We so desperately want the duality of good and evil. We crave the sureity that it gives us: we want this person to be a sinner and this one to be a saint. We want this person to be a bigot and this person to be an activist. We want to know if we should love or hate someone. Shades of grey annoy us; and complexity overwhelms us. In "The Riches" Minnie Driver's character tearfully says "Do you know how much it hurts to hate the one person you love more than anyone in the world?".

My friends are perfect examples of this: they run the gambit of humanity. Some days I get so frustrated with them I could scream (such is when they ask for the 30th time why giving advice to women to protect themselves from rape is a bad thing). Many days they can be downright cruel to me and each others. Once, I broke down in tears at the table, and they responded by mocking me.

I have been asked many times online why I stay friends with people who share next to no of my political leanings, and more than that, are hostile and apathetic to the idea of activism. Some days, when I am frustrated and would like some more tangible support than what they give me, I think the same thing and vow never to talk to them again.

And yet...

When an ex-bf dumped me, there was one of my friends with a house to crash at, bottle of Saphire Gin, Spaceballs, and a face that looked the other way when I started to cry so I didn't have to be embarassed.

After watching "The Shining" and being terrified, my completely exhausted friend stayed up talking to me until 4 am and never once asked why I felt the need to ramble about hotels.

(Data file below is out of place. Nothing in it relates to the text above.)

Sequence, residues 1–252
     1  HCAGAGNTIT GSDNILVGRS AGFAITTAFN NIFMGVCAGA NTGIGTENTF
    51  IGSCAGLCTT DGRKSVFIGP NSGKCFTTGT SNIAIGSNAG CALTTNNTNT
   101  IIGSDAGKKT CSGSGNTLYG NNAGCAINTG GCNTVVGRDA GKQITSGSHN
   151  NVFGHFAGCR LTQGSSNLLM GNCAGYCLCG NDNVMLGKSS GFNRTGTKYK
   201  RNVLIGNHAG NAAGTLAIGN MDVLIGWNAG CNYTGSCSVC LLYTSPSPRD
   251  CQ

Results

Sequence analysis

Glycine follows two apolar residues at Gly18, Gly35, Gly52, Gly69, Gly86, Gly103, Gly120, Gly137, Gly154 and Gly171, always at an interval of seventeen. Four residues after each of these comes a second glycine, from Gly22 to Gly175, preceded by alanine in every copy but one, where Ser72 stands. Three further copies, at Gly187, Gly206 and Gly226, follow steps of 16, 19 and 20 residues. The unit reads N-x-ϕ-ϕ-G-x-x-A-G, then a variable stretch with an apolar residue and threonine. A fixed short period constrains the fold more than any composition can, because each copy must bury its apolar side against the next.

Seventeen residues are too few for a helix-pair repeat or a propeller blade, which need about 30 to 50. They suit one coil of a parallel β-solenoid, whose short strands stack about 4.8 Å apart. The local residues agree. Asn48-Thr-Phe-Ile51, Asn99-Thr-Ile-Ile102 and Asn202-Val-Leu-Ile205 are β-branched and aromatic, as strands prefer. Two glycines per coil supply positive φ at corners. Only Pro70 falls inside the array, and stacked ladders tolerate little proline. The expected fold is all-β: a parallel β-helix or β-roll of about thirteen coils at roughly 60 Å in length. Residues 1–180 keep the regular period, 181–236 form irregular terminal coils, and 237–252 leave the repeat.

The cruelest of my friends never once questioned what possible reason I could have for coming into his dorm room at midnight to silently watch television with him, on the days that I needed to escape my roommates and/or boyfriend.

My friends are neither evil, nor are they saints: they are people. Disturbed people, to be sure, many of them with more mental and emotional baggage than even me, but people none the less.



Wednesday, April 04, 2007

I May Be In Over my head

As my recent post had indicated, I am engaged. I am very happy about this arrangement, except for the random moments of hyperventaliting "Dear goddess, what the hell am I doing?".

I had another hiccup in this whole thing too, though: the wedding. I have never been the type to imagine my perfect wedding: in fact, when I had those conversations in my youth I would normally reply that I wanted to elope in Vegas. But, in this case, I cannot do that: both of our parents would kill us (or rather, be "very disappointed" in us, which for some reason still bothers the both of us, although we are adults). I joked to my fiance, Brandon, that we should just tell our parents that we're eloping, and if they want to have a ceremony, they could pay for it, but somehow we both know that that would go over like a lead balloon.

So, odds are, we're going to have a wedding. Now, this is a still a few years off, so I don't have to care too much about it right now, but I have recently discovered that I know nothing about weddings. I was reading Pandagon and how Amanda was amazed that her sister had put together a wedding in a month. I mentioned to Brandon that a month seemed like a long time, and he looked at me as if he was getting a child for a bride. Apparently, there is more to a wedding than mailing out a couple of invitations, renting a building and a few suits, getting a dress, and reserving a hall. Huh, who knew? Obviously, I am worse than the most priveleged guy when it comes to knowing how to make a wedding.

Since I apparently have no idea how to throw a wedding, could some of you in the blogsphere be kind enough to send me a list of all the things that need to be organized for a weddding? Or, if you are married, what did you have to do for your wedding?